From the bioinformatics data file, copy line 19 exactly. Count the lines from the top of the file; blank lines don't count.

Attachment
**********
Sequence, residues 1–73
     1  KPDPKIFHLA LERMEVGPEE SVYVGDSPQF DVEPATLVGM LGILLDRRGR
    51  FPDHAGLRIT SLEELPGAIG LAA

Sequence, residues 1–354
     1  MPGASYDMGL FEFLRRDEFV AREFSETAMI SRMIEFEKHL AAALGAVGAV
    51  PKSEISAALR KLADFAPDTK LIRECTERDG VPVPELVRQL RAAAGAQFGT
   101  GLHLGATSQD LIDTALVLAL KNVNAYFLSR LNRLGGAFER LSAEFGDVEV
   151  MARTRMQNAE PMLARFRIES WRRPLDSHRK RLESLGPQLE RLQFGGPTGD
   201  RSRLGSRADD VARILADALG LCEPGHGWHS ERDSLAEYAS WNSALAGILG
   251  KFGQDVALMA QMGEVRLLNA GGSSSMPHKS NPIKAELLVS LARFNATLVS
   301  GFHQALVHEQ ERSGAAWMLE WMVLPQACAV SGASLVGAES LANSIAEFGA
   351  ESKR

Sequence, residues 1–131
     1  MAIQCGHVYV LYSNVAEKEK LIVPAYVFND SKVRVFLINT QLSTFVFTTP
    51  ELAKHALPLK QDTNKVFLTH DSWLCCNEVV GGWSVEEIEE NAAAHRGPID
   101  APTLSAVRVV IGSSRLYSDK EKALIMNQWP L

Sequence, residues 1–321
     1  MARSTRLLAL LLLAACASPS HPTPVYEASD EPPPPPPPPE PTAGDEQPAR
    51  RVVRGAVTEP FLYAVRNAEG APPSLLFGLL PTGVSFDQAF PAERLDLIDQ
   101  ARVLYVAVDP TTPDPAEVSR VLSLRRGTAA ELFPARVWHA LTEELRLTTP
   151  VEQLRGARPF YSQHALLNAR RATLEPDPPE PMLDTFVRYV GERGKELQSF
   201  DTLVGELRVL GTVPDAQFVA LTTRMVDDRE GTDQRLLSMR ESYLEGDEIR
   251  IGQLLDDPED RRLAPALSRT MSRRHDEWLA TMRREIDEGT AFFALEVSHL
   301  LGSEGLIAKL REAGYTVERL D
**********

    51  RVVRGAVTEP FLYAVRNAEG APPSLLFGLL PTGVSFDQAF PAERLDLIDQ